1. There are two difficulties advanced.(1) The question, How are the dead raised? may be a philosophical one. We are told that the entire human body undergoes a complete change every certain number of years, and that it is dissolved in various ways. Those who are wise in such matters tell us that there is not a single portion of the globe which has not, some time or other, been organic form.(2) The other question is merely a sneer, "With what body do they come?" It is as if the objector had said, "Let there be nothing vague: tell us all about it, you who assert you are inspired."

2. Now, to these objections Paul replies. He discerns in this world three principles.(1) That life, even in its lowest form, has the power of assimilating to itself atoms: he takes the corn of wheat, which, after being apparently destroyed, rises again, appropriating, as it grows, all that has affinity with itself: that body with which it is raised may be called its own body, and let it is a new body.(2) The marvellous superabundance of the creative power of God. "There is one glory of the sun," etc.; and yet there is a difference between them. There are gradations in all these forms — bodies celestial and bodies terrestrial. Now, are we to believe that God's wisdom and power should be insufficient to find for the glorified spirit a form fit for it? We simply reply to the objection, "With what body do they come?" "Look at the creative power of God!"(3) The principle of progress. The law of the universe is not Pharisaism, the law of custom stereotyped. Just as it was in creation, first the lower and then the higher, so (ver. 46) at first we lead a mere animal life, the life of instinct; then, as we grow older, passion succeeds, and after the era of passion our spirituality comes, if it comes at all. St. Paul draws a probability from this, that what our childhood was to our manhood — something imperfect followed by that which is more perfect — so will it be hereafter.

3. St. Paul finds that all this coincides with the yearnings of the human heart (ver. 54). This is the substance of two prophecies, one in Isaiah, the other in Hosea, and expresses the yearnings of the heart for immortality. No man, in a high mood, ever felt that this life was really all, ever looked on life and was satisfied, ever looked at the world without hoping that a time is coming when that creation which is now groaning and travailing in bondage, shall be brought into the glorious liberty of the Son of God. And this feeling, felt in a much greater and higher degree, becomes prophecy. And when we look around, instead of finding something which damps our aspirations, we find the external world corroborating them. Then how shall we account for this marvellous coincidence? Shall we believe that God our Father has cheated us with a lie?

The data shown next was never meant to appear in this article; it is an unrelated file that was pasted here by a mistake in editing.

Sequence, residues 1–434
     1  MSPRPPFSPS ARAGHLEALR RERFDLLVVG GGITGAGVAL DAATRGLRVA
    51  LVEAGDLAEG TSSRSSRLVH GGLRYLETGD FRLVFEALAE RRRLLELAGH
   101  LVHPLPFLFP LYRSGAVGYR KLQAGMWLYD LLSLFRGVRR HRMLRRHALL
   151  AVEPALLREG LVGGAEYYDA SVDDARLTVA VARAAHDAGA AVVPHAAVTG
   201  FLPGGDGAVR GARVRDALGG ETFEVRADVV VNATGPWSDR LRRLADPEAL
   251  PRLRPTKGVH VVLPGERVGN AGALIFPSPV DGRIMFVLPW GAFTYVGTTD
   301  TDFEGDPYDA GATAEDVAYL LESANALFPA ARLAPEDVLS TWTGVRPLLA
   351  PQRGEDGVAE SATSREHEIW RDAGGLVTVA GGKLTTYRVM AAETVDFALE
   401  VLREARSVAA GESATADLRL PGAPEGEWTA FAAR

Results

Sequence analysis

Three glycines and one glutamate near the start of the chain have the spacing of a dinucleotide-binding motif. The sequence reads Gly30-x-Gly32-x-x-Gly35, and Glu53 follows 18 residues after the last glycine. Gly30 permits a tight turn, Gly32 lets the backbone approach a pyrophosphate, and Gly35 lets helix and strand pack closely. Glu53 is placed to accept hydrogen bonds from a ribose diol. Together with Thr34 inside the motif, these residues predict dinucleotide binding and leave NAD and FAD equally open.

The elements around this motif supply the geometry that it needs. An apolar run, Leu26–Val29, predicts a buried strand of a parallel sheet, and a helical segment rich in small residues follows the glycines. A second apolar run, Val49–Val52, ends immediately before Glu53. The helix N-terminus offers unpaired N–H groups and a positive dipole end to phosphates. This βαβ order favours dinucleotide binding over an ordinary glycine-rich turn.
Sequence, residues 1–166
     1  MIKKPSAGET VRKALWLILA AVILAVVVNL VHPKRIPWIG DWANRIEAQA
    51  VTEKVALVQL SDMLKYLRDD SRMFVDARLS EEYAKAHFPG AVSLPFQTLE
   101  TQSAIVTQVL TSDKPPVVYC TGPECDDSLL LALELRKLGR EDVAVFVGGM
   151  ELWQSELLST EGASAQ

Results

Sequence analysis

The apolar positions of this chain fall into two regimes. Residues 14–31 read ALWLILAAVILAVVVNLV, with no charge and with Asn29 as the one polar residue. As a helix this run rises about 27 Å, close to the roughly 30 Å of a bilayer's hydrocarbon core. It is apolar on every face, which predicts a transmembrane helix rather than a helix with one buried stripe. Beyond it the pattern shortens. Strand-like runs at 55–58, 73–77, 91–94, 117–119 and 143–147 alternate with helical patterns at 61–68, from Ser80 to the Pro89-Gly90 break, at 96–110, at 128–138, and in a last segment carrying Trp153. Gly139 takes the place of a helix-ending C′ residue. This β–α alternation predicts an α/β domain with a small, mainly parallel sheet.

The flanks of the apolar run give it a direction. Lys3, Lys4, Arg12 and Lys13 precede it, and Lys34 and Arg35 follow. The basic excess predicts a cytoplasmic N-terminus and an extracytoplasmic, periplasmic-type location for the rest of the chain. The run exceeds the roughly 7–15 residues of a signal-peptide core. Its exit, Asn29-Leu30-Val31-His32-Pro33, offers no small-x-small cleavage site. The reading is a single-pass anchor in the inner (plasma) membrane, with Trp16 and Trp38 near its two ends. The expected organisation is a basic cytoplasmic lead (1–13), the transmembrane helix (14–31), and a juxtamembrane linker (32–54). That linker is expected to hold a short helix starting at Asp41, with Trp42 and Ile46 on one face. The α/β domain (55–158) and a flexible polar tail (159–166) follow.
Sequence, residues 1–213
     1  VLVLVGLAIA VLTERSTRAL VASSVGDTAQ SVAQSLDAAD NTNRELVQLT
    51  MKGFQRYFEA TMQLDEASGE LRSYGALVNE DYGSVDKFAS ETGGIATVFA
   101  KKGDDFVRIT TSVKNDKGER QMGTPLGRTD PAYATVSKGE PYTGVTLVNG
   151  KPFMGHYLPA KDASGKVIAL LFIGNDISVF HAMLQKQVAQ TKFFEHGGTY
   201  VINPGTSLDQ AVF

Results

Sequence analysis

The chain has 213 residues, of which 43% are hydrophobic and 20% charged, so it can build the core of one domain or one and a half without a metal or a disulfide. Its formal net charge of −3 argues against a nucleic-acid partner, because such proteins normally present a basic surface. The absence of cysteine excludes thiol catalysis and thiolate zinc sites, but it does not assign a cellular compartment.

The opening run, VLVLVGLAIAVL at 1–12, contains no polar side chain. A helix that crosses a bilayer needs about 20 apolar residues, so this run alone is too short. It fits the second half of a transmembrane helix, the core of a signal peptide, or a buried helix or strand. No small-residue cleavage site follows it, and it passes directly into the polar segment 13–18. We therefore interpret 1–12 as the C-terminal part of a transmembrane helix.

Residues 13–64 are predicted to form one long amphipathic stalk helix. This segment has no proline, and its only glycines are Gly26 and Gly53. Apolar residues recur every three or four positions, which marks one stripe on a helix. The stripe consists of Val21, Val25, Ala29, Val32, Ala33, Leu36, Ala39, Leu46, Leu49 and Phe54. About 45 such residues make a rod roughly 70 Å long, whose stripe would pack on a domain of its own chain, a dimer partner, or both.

(F. W. Robertson, M.A.)

The day dies into night, and is buried in silence and darkness; in the next morning it appeareth again and reviveth, opening the grave of darkness, rising from the dead of night: this is a diurnal resurrection. As the day dies into night, so doth the summer into winter; the sap is said to descend into the root, and there it lies buried in the ground; the earth is covered with snow or crusted with frost, and becomes a general sepulchre; when the spring appeareth all begin to rise; the plants and flowers peep out of their graves, revive, and grow, and flourish: this is the annual resurrection. The corn by which we live, and for want of which we perish with famine, is notwithstanding cast upon the earth and buried in the ground with a design that it may corrupt, and being corrupted, may revive and multiply; our bodies are fed by this constant experiment, and we continue this present life by succession of resurrections. Thus all things are repaired by corrupting, are preserved by perishing, and revive by dying; and can we think that man, the lord of all these things which thus die and revive for him, should be so detained in death as never to live again?

(Dr. John Pearson.)

To understand the apostle's reply to the question we must lay firm hold of these two things: first, that he is speaking of the man, who is dead, not of the mass of matter undergoing dissolution in the earth; second, that his purpose is to point out analogies to the fundamental conception on which his proof rests, viz., the conception of a progress that is not checked but realised through death.